This leads to the crucial question: Why do organisations choose open source tools, and why do consultants recommend them? The answer is straightforward: it’s the calculation of benefits over risks taken. Organisations are aware of the advantages of utilising open source tools over the potential risks involved. This is the same thought process behind the shift to cloud computing. Despite the known security challenges associated in migrating to the cloud, many organisations have proceeded with the migration, driven by the assessment that the benefits of cloud adoption surpass the associated risks.

As a consultant, before recommending cloud security tools I thoroughly try to understand six key areas.

Business requirements: A project fails if it doesn’t align to the organisation’s business requirements and goals. This includes understanding the organisation’s industry, regulatory requirements, and specific security concerns. The time invested in understanding the business requirements during client engagements helps to make specific recommendations that align closely with the organisation’s goals and objectives. However, this level of detail can also prolong the engagement process.

Team’s knowledge and experience: Next, it is time to assess the team’s ability to handle cloud security tools. Financial institutions, for example, prefer straightforward third-party tools because they streamline processes for risk and compliance teams. In contrast, startups with proficient teams may lean towards using open source tools for their flexibility and cost options.

Cost and budget considerations: Understanding the cost and budget considerations ensures that tool recommendations align with both technical needs and financial limits. This way, we find a good balance between how well the security works and how much it costs, leading to smart, long-lasting choices for using cloud security tools.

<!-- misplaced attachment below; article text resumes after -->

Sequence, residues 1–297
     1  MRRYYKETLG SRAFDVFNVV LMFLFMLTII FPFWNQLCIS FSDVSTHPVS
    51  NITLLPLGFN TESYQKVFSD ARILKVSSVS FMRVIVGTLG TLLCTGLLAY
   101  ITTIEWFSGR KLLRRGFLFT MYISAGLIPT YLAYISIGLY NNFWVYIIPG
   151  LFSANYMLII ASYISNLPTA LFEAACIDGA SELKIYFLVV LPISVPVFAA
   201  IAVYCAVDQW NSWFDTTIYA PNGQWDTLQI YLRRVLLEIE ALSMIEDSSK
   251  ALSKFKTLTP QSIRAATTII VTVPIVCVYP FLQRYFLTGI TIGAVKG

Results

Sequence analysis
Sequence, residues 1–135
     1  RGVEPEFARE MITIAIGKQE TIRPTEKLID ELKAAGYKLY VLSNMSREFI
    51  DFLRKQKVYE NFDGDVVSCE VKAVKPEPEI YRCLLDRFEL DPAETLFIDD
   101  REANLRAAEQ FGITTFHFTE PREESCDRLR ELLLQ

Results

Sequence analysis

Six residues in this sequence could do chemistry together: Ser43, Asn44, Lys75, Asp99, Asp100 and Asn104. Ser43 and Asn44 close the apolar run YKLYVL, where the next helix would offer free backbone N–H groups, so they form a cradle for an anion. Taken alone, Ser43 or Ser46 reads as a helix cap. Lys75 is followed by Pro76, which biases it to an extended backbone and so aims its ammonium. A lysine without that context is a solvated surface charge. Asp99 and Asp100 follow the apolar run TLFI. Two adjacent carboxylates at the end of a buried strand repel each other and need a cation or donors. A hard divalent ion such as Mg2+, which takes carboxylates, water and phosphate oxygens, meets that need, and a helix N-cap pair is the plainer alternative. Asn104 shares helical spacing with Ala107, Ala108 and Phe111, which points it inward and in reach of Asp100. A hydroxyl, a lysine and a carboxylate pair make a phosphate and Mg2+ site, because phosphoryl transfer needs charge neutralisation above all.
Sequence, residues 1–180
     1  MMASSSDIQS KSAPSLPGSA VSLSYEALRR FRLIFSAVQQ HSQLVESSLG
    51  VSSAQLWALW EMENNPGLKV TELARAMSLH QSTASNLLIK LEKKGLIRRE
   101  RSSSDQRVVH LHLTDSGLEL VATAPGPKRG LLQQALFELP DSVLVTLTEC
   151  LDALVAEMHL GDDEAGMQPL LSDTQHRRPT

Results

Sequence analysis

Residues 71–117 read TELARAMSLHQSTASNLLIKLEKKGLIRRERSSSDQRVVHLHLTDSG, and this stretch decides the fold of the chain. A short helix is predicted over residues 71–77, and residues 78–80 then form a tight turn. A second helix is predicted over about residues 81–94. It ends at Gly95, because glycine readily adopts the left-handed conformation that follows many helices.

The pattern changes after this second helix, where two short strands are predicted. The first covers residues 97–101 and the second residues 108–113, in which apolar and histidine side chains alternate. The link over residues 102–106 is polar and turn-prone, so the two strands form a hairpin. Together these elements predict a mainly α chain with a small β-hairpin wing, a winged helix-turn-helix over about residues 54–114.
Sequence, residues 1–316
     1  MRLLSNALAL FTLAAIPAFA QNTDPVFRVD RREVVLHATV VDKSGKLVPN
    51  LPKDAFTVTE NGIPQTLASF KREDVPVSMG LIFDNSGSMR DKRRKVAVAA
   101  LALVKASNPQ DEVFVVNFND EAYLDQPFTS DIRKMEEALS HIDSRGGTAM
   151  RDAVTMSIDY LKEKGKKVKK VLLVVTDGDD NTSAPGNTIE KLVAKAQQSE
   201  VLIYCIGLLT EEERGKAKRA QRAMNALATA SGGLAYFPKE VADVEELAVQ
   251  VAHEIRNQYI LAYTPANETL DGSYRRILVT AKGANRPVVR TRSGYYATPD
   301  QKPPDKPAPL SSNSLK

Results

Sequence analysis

Tool features and integration: Matching the chosen tool features with the organisation’s needs is critical. Companies operating on a single cloud platform might benefit more from using native tools provided by their cloud service provider. However, organisations with multi-cloud setups often require third-party tools for better management. Additionally, integration with other systems is key, and third-party tools typically have an advantage in this area.

Preventive and protection controls: The priority is to select tools that can both prevent and respond to security threats effectively. This often involves combining native tools with third-party solutions. Native tools are excellent for handling basic security tasks, such as blocking unauthorised access, while third-party tools excel in areas like real-time monitoring and threat detection.

A great example of this is integrating AWS CloudTrail and GuardDuty logs, which are cloud-native solutions, with Splunk, which is a third-party commercial solution for real-time monitoring.

Ease of management: Finally, ease of management is a critical consideration. In a fast-paced startup environment, simplicity and scalability are the key, so tools that are easy to configure and require minimal maintenance are preferred. Cloud-native tools often excel in this aspect. Mostly, larger organisations or those with complex security needs may opt for third-party tools, despite their higher setup and maintenance requirements, because they offer more advanced features and customisation options.

The verdict

When it comes to cloud security tools, there’s no perfect solution that suits every organisation. Because each organisation has its unique needs, skills, and regulations which must be considered.

Here’s a mantra to follow: “Keep things simple.” Solutions with advanced features can look attractive but tend to bring about unnecessary complications. Begin with easy-to-use, direct tools like cloud-native tools in the initial stages. Adopting this approach streamlines the management of your cloud security. As our cloud security practices evolve and mature, choose tools that offer customisation to meet organisation’s goals and requirements. In such cases, third-party commercial tools can be used.

Tools are meant to address your concerns, not add to them. If a tool flags a vulnerability, it doesn’t mean you have to completely change your security plan to fix that one vulnerability. Think of tools as navigating with a map; you determine the destination, and the tools assist you in reaching it. Therefore, focus and spend more time on establishing your organisation’s security goals and strategies, and using tools as a means to achieve those objectives.